JoAnne Skelly: Pea planting time – hurrah!

After the year we just had where everything was on hold for so long, I’m feeling encouraged that it’s pea planting time again. It makes life almost feel normal. St. Patrick’s Day is the traditional designated time for getting peas in the ground, as long as the soil has thawed and is workable.

I love fresh English or garden peas, right out of the pod. When young, even the pods are edible (unless you plant sugar snap peas or snow peas, which are edible as long as the pods are tender). The tender pea vine shoot tips are also edible and can be steamed or sauteed. Peas are easy to grow and there are a number of delicious varieties available.


Peas thrive in a well-drained, compost-amended soil with a pH between 6 and 7.5. Northern Nevada has a relatively short growing season because peas don’t like our hot summers. Optimal growing temperatures are between 55 and 65 degrees. Pea plants will start growing when temperatures rise above 40 degrees and will stop producing when temperatures reach 85 degrees or higher. Actual soil temperature controls how quickly seeds germinate, with warmer soils allowing quicker germination. For staggered harvests, plant a second group of seeds one week and again two weeks later. Young plants can survive light frosts, but plants starting to flower can be damaged by frost, so watch weather and cover plants as needed. They do like full sun. They usually take about 60 days from planting to harvest.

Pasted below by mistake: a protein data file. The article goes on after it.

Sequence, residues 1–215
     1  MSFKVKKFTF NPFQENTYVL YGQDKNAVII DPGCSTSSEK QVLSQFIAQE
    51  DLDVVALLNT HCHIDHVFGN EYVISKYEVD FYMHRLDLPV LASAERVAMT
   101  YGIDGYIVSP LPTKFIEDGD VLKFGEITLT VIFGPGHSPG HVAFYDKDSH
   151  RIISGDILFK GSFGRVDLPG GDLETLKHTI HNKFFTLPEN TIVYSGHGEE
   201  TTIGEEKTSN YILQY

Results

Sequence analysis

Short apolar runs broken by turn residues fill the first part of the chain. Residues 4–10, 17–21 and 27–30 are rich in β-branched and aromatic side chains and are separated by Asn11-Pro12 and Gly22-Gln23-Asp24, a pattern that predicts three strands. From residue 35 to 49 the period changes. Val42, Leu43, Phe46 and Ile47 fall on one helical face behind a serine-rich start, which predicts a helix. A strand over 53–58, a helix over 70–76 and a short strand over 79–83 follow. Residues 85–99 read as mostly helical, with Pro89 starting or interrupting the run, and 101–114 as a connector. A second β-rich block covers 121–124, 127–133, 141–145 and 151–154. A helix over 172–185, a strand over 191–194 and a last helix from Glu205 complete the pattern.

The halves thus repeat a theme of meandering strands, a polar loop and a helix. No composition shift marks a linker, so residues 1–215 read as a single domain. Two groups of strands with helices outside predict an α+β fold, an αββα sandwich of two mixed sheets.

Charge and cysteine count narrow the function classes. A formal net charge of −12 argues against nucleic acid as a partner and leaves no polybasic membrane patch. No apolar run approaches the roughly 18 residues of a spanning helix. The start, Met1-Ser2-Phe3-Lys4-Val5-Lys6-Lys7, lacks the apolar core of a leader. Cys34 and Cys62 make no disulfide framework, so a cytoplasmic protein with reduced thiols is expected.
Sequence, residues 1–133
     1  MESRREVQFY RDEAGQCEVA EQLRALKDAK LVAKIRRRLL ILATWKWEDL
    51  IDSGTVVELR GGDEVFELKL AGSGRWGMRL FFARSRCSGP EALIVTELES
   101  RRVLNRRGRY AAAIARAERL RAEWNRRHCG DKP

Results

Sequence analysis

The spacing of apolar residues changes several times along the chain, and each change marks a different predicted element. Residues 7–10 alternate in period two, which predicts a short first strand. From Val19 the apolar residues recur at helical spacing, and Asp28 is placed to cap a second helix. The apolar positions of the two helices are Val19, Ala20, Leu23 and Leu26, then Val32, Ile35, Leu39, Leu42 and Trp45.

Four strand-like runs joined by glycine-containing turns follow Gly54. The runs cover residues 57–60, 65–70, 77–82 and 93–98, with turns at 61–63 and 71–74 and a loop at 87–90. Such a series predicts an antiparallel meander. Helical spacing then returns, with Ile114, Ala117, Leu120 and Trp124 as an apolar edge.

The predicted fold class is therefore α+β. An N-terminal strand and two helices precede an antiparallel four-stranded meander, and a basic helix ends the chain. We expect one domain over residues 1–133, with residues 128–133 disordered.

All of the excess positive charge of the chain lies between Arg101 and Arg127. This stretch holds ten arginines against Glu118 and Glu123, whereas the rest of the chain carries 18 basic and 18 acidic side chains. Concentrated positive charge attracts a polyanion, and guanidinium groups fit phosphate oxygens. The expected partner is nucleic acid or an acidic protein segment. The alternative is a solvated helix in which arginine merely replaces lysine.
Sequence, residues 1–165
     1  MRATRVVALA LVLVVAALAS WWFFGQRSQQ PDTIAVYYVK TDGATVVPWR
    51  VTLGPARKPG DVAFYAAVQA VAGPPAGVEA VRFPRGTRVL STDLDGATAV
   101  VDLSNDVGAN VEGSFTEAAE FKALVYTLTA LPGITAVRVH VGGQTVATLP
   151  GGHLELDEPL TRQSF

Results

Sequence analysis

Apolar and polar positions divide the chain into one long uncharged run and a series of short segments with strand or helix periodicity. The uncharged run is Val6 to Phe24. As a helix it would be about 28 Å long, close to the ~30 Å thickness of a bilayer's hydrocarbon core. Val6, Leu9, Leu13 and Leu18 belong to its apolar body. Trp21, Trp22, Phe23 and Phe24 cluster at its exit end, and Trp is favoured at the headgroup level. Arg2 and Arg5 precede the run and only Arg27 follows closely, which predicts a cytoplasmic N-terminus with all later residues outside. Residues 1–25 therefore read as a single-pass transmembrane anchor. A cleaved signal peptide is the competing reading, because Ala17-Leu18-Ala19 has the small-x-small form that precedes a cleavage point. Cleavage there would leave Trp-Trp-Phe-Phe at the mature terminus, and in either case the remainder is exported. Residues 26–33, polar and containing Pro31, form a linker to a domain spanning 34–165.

Tall, vining varieties get planted at the base of a trellis in a single row and grow along strings or netting between stakes. Bush type varieties can be planted either next to a trellis in a single row, or in a 12-inch to 18-inch-wide row where plants grow together for support. Soak the seeds overnight prior to planting.


Dig a shallow trench and place seeds six to seven inches apart, one inch deep for a single row or two inches apart in all directions for wide rows. Cover the seeds with soil and tamp it down for good seed to soil contact. Water in gently, but well. As plants grow, water the soil rather than the leaves and keep soil moderately moist, but not soggy.

Remember, sandy soils need water more often than clay soils. Peas need little fertilizer. Mulching the soil will conserve moisture and reduce weeds. Keep weeds out of your pea bed, but be careful not to hoe the shallow roots of the peas.

For more information: https://extension.umn.edu/vegetables/growing-peas#controlling-weeds-296311

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